Humanity is in our blood …
The need for blood never ends, but the amount of blood needed for a stable blood supply can fluctuate; and during these uncertain times, the blood supply can fluctuate dramatically.
The available supply of most blood types is less than what is typically needed by local patients for just two days. For the blood types O-positive and O-negative, which are commonly used in emergencies, there is less than the supply required in one day.
Blood drives have been significantly affected by the pandemic. Social distancing and the resulting remote situations for businesses and high schools have been particularly disturbing. More than 3,000 blood drives have been canceled or postponed, resulting in a loss of more than 20,000 donors so far this year. Plus, 25% of our community’s blood supply is traditionally provided by high school students, and many donations were missed while schools were observing remote learning.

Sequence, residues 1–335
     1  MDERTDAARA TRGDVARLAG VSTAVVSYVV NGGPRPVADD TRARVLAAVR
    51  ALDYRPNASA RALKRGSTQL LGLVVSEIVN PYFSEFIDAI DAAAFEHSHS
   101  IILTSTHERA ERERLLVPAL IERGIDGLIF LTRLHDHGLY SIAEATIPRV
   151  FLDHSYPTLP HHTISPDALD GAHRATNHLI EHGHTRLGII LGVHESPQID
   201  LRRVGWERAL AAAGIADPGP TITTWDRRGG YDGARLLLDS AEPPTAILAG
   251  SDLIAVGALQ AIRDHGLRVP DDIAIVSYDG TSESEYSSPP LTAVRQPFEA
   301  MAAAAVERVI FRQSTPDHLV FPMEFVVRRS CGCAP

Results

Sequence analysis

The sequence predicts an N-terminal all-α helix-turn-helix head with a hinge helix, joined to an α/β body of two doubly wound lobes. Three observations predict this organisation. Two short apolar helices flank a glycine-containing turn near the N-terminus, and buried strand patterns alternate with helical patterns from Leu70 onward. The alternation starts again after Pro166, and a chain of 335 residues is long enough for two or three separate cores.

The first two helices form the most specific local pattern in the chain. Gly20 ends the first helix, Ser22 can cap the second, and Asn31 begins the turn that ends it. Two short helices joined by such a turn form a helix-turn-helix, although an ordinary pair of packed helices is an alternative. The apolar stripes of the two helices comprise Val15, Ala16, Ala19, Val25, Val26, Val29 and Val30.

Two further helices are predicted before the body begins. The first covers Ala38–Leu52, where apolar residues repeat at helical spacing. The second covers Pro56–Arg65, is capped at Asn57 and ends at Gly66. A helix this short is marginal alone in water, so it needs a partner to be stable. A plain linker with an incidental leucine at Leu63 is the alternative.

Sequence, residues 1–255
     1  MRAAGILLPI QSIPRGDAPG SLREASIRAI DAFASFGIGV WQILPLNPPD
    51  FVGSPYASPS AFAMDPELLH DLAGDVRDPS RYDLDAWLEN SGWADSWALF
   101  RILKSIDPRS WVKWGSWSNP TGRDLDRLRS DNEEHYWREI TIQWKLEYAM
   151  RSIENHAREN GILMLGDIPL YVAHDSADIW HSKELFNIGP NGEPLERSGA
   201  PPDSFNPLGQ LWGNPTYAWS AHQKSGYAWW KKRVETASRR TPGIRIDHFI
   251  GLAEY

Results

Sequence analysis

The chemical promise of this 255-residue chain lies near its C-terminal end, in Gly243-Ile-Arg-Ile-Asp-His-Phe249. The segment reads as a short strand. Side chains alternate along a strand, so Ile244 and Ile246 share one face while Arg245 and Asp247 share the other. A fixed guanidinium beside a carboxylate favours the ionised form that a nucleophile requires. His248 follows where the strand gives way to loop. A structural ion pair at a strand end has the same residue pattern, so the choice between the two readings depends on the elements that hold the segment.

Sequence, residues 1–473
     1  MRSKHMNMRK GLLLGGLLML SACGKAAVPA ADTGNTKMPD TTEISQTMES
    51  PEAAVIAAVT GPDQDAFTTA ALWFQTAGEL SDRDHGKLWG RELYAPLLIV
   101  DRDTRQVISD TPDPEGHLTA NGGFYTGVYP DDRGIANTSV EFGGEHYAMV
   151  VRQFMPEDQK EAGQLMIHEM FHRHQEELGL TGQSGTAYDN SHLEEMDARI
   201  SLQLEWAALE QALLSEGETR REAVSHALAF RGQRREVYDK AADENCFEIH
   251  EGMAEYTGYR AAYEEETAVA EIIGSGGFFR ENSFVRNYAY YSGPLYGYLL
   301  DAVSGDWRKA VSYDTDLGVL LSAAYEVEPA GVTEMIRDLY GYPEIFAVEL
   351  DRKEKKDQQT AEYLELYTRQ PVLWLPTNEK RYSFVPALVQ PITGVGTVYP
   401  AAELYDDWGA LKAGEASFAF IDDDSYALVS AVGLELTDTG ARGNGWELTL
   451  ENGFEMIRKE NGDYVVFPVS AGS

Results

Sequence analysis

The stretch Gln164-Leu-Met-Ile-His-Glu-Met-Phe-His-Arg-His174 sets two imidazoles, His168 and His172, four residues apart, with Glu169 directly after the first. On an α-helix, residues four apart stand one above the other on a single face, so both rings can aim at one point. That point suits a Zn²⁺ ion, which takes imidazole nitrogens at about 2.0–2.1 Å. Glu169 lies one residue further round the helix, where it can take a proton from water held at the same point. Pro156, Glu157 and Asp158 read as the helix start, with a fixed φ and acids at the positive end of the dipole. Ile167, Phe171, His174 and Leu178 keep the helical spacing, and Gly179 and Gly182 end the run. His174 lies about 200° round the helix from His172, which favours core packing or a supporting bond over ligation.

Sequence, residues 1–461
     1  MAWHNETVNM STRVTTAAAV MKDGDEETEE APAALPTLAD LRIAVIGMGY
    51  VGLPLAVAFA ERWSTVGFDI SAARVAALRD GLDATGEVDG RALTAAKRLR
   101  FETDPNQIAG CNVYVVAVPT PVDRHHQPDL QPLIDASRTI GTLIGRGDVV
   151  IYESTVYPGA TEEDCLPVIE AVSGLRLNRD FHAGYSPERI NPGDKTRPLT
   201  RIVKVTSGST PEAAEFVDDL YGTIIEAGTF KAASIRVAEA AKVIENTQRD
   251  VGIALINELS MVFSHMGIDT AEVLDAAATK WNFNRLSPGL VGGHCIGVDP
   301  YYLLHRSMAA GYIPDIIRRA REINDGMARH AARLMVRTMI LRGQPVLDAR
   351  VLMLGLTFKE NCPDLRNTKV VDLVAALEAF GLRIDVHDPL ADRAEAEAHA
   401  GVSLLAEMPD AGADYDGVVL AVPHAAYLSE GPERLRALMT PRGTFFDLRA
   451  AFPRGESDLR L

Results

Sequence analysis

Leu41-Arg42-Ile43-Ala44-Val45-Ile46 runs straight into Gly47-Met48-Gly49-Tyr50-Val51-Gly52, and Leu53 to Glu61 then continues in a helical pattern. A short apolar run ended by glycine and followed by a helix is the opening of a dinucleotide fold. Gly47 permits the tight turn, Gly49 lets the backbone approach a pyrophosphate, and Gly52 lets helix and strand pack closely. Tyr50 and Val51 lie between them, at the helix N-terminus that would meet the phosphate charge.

The community blood supply—locally and nationally—cannot seem to stabilize, which means there is not another community blood center from where we can request support. Two issues cause us the greatest concern:
– hospitals are increasing the number of surgeries they can perform due to Governor Abbott’s latest loosening of the restrictions previously placed on them
– there continues to be a shortage of blood drives taking place
In addition, the vast majority of those who even qualify to give blood do not give. Only 4% of all eligible donors give blood regularly. These community drives are one of the ways we educate and attract new donors and keep building a prepared community of blood donors. Without those donors or the opportunity to introduce blood donation as a civic responsibility for our future leaders the impact to our current and future blood supply is immeasurable
We are asking our communities in DFW, East Texas, and Central Texas to please find time to come in to one of our 25 community donor centers and help our area hospitals stay prepared for whatever the rest of 2020 brings.